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Home » Author writes about Vietnam vets’ lives

Author writes about Vietnam vets’ lives

by Hari Majumder
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OCEAN CITY — U.S. Army veteran Ken Byerly wrote a book about the lives of Vietnam War veterans to give them the honor they didn’t get when they returned home, to set the record straight on some misconceptions about the war and for families to understand more about their loved ones.

Byerly will sign copies of his book, “Welcome Home: The Lucky Ones,” from noon to 2 p.m. on Black Friday, Nov. 25, at Sun Rose Words & Music, 756 Asbury Ave. in downtown Ocean City.

In the book, Byerly chronicles the tales of three soldiers and one airman who served during the Vietnam War, only to return home to find a bitterly divided nation.

Byerly takes readers through his life and the lives of his fellow soldiers — Steve Raho, an infantry officer from Virginia; and John Laughlin, who lives in Marmora — as well as Airman Mike Moran, an Ocean City resident who flew B-52 Bombers.

Byerly, 76, grew up in New York and spent his life “in many, many places,” but has lived on the island for the past 30 years.

Byerly attended Eastern Military Academy and is a graduate of Pennsylvania Military College in Chester. He spent two years in Germany and then 1971-72 in Vietnam. 

He was a captain with the 26th General Support Group in I Corps, supporting the 101st Airborne Divisions in Camp Evans and Camp Eagle based out of Phu Bai.

After his service, he spent about 36 years in the pharmaceutical industry, traveling a lot as a salesman and then serving as director of sales, overseeing a 450-person sales force and $3 billion in sales responsibility.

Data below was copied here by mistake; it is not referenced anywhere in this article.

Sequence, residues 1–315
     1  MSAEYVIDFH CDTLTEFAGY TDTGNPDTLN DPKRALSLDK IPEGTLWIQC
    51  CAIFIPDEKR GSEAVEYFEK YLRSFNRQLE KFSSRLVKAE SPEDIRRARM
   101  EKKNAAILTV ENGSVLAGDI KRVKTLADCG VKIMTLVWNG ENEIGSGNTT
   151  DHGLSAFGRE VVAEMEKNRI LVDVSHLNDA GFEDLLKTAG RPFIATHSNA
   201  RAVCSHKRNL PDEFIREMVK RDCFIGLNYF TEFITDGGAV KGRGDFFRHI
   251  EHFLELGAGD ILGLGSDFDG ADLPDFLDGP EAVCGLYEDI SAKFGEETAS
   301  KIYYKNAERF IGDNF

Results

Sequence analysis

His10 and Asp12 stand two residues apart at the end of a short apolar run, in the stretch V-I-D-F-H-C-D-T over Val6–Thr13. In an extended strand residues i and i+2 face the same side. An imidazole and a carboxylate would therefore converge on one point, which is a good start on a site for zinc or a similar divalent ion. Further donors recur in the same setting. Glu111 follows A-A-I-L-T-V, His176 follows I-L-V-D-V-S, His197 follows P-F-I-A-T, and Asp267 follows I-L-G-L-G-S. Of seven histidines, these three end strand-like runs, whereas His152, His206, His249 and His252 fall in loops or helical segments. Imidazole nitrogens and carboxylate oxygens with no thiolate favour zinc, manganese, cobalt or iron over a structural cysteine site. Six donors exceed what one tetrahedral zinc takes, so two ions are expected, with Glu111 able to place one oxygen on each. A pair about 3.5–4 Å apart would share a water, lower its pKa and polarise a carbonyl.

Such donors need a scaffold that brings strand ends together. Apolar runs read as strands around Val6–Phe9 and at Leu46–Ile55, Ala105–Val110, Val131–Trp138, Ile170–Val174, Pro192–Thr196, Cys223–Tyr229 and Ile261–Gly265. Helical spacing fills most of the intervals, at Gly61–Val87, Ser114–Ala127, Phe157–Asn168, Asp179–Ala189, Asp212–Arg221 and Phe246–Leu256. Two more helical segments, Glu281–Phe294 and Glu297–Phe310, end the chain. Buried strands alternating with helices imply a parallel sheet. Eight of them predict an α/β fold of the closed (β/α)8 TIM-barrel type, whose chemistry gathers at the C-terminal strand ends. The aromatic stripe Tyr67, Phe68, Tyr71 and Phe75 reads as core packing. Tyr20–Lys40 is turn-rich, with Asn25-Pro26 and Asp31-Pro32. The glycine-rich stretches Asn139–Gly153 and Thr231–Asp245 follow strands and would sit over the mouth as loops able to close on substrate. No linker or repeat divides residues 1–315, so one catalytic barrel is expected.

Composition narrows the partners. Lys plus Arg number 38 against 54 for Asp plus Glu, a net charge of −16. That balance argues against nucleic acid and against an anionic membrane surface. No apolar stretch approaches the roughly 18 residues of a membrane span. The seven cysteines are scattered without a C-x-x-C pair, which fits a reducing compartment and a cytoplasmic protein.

He and his wife of 54 years, Jean, have two sons, ages 54 and 48.

Offering perspectives of the service members he chronicles, Byerly explains that fellow Ocean City resident Moran was not stationed in Vietnam but rather over it, and thus looking at the war from a different perspective.  

He has dedicated the book to the families and the 58,281 casualties whose names are on the Vietnam Wall in Washington, D.C., who are gone but not forgotten.

“No blood and gore as some books on Vietnam have … just what we experienced and how it affected us and our families,” Byerly said.

Byerly said he was inspired to write the book after a conversation at the American Legion about “what happened to us as individuals but also in relation to our friends and family.”

Byerly said he wrote the book “for our families, first and foremost.”

“I try to explain why Dad or Grandpop sometimes acts the way he does and does not talk about the war,” Byerly said. “It was a different time and different place.”

Vietnam veterans “will tell you that a lot of times it’s difficult to talk about that war,” he said. “People don’t understand if they were not there.”

Another of his major goals in publishing the book was to dispel what he calls some major misconceptions about the war. Byerly said the beliefs that most of those who served in Vietnam were draftees and that most of those killed were draftees are both incorrect.

“I wanted to set the record straight to give the men and women who served there the honor and distinction they didn’t get when they came home,” Byerly said.

The author said Laughlin, a Purple Heart recipient, described his experience upon returning home as feeling invisible.

“We wanted our families to have a clear understanding of what actually occurred and give them some answers to questions they may have,” Byerly said. 

Source : OceanCitySentinel

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